Not all residents at Walnut Manor retirement home jumped to their feet to join in the popular Latin line dance.
But many tried the arm-tapping, hip-swinging dance from their chairs as a group of about 45 students from the neighborhood’s Betsy Ross Elementary School led the way with “Hey, Macarena!”
“That was really fun!” exclaimed 81-year-old Edith Flint, seated with a walker in front of her. “But I just couldn’t wiggle right!”
Walnut Manor resident Robert Schreiner, 89, also took part in the dance and afterward mused, “I’m better with macaroni than with the Macarena!”
The fourth-, fifth- and sixth-grade students made a special trip to Walnut Manor this week to entertain the elderly residents. Their visit put smiles on seniors’ faces as they learned the dance.
“I felt happy because we were doing something for them,” said sixth-grader Chelsey Poulos, 11. “It gets lonely for them in there. They felt special just because we came to see them.”
Fourth-grader Dennis Macauley, 9, said he was saddened to see older people who are sick. “I just wanted to help in some way,” he said.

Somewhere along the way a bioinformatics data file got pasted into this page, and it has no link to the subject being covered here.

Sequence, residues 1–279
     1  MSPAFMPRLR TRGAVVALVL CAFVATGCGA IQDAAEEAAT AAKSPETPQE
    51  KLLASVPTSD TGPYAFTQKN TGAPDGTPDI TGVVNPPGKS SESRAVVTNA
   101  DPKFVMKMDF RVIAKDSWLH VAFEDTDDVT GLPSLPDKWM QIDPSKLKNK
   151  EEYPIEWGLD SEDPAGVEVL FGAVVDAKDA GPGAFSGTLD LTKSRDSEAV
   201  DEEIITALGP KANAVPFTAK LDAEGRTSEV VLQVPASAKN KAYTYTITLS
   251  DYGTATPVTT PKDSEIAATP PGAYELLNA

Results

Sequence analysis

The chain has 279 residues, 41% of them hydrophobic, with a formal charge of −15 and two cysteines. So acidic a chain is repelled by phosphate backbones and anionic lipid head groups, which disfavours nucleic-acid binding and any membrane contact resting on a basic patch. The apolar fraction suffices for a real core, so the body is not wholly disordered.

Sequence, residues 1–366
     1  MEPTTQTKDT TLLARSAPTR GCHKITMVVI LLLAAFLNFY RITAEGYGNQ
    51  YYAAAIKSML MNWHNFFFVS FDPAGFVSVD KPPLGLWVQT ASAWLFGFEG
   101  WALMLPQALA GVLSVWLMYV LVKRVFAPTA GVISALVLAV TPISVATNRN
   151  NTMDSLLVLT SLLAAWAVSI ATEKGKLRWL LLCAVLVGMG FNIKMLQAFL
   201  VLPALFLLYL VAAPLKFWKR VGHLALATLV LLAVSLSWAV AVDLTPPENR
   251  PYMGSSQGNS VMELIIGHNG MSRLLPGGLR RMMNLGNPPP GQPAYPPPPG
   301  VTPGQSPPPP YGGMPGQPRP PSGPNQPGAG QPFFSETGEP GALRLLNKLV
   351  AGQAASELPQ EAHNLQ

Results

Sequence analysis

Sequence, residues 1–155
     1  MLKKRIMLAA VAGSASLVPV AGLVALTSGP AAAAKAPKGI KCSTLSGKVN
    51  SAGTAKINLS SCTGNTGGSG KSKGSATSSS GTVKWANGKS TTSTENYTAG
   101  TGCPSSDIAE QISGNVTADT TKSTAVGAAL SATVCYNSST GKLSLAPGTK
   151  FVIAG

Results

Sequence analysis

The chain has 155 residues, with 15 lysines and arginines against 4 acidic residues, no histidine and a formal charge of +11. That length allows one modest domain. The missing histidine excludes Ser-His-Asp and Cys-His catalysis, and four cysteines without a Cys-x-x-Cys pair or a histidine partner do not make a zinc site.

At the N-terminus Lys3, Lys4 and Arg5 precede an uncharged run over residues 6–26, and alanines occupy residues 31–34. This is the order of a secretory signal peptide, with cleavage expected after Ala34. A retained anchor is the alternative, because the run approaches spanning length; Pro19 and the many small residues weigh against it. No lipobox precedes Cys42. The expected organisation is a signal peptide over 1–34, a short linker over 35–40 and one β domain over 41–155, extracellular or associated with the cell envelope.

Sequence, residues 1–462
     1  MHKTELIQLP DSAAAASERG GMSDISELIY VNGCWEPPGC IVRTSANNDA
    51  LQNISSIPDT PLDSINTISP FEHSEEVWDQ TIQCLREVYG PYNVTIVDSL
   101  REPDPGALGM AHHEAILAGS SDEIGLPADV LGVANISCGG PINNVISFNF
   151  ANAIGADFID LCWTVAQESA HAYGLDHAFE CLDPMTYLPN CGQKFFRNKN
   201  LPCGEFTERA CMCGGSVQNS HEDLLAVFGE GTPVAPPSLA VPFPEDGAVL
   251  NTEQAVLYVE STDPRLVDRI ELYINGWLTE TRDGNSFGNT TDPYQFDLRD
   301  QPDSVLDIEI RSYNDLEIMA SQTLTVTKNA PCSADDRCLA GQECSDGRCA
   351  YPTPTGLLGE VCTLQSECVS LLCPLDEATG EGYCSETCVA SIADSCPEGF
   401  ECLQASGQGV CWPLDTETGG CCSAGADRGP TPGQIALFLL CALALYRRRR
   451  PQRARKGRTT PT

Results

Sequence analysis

Three years ago, teachers Connie Hutcheson and Kathy Zuorski began taking their students to visit the retirement home, which offers a range of services for residents, from those able to live independently to seniors needing full-time care.
“It’s a community service,” Zuorski said. “I think they see how fortunate they are when they see people who aren’t as healthy.”
Hutcheson said that, for the children, visiting the elderly is an eye-opener. The experience teaches them compassion and empathy and gives them a better understanding about elderly people, she said.
At holidays, students bring seniors handmade Valentines and Christmas ornaments. Earlier this year, they wrote them poems as part of “random acts of kindness day.” The teachers hope to start a program next year where seniors visit the school and read to students.
Esther Beilman, Walnut Manor’s director of volunteers, said residents enjoy the students’ visits and appreciate that, through the interaction, youngsters “get a positive affirmation that older people can be fun.”
Residents said they eagerly anticipate the visits.
“I love the children. They make us feel good,” said Helen Wittmann, 89, who taught elementary students for 37 years.
Cleita Devine, 90, agreed: “They make us feel enthusiastic about ourselves. They make us feel young.”